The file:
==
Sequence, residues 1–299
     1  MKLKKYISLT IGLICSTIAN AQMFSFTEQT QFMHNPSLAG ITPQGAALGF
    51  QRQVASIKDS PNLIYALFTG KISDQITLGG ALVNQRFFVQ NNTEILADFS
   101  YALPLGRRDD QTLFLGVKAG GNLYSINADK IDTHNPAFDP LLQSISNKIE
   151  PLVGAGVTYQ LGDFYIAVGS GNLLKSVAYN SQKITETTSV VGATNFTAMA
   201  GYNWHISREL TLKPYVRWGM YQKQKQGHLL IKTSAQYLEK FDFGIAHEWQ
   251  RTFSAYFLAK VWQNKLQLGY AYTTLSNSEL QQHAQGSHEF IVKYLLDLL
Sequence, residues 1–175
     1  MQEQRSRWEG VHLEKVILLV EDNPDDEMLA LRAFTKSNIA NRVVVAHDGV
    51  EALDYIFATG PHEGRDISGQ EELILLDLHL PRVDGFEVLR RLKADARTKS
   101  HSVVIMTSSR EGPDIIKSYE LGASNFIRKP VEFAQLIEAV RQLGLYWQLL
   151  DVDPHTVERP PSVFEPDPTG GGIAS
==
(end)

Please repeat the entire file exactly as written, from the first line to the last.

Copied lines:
Sequence, residues 1–299
     1  MKLKKYISLT IGLICSTIAN AQMFSFTEQT QFMHNPSLAG ITPQGAALGF
    51  QRQVASIKDS PNLIYALFTG KISDQITLGG ALVNQRFFVQ NNTEILADFS
   101  YALPLGRRDD QTLFLGVKAG GNLYSINADK IDTHNPAFDP LLQSISNKIE
   151  PLVGAGVTYQ LGDFYIAVGS GNLLKSVAYN SQKITETTSV VGATNFTAMA
   201  GYNWHISREL TLKPYVRWGM YQKQKQGHLL IKTSAQYLEK FDFGIAHEWQ
   251  RTFSAYFLAK VWQNKLQLGY AYTTLSNSEL QQHAQGSHEF IVKYLLDLL
Sequence, residues 1–175
     1  MQEQRSRWEG VHLEKVILLV EDNPDDEMLA LRAFTKSNIA NRVVVAHDGV
    51  EALDYIFATG PHEGRDISGQ EELILLDLHL PRVDGFEVLR RLKADARTKS
   101  HSVVIMTSSR EGPDIIKSYE LGASNFIRKP VEFAQLIEAV RQLGLYWQLL
   151  DVDPHTVERP PSVFEPDPTG GGIAS